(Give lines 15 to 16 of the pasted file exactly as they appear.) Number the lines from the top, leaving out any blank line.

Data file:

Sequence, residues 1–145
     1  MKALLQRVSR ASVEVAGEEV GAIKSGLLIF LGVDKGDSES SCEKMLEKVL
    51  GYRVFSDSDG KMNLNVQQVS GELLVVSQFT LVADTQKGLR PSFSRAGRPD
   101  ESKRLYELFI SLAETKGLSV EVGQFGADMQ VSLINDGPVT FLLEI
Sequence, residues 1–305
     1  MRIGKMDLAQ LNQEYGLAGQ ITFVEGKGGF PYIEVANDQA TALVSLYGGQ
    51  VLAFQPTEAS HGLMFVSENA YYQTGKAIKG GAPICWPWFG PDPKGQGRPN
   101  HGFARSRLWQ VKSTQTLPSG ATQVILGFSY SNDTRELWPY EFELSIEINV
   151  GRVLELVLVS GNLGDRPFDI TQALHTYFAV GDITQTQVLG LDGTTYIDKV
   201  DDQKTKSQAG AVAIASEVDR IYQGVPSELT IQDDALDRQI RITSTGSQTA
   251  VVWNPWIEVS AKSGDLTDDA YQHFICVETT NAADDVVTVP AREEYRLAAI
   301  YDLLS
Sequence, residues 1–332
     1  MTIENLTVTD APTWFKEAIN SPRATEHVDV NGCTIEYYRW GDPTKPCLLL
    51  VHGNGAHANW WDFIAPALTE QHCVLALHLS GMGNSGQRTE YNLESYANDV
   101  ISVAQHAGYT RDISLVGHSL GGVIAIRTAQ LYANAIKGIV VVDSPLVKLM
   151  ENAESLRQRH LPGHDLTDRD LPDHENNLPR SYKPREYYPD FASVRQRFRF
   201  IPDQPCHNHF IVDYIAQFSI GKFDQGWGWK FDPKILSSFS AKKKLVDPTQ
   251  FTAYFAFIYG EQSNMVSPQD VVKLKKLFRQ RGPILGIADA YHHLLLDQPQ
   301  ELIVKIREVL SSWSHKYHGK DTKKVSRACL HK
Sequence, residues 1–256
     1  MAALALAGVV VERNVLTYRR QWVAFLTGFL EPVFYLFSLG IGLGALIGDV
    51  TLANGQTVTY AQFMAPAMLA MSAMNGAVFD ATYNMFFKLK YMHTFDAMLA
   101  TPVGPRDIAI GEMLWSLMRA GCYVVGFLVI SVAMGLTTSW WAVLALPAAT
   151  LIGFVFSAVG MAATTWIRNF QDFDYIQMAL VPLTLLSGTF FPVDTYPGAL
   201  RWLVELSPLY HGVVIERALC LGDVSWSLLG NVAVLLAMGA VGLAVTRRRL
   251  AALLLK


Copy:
    51  VHGNGAHANW WDFIAPALTE QHCVLALHLS GMGNSGQRTE YNLESYANDV
   101  ISVAQHAGYT RDISLVGHSL GGVIAIRTAQ LYANAIKGIV VVDSPLVKLM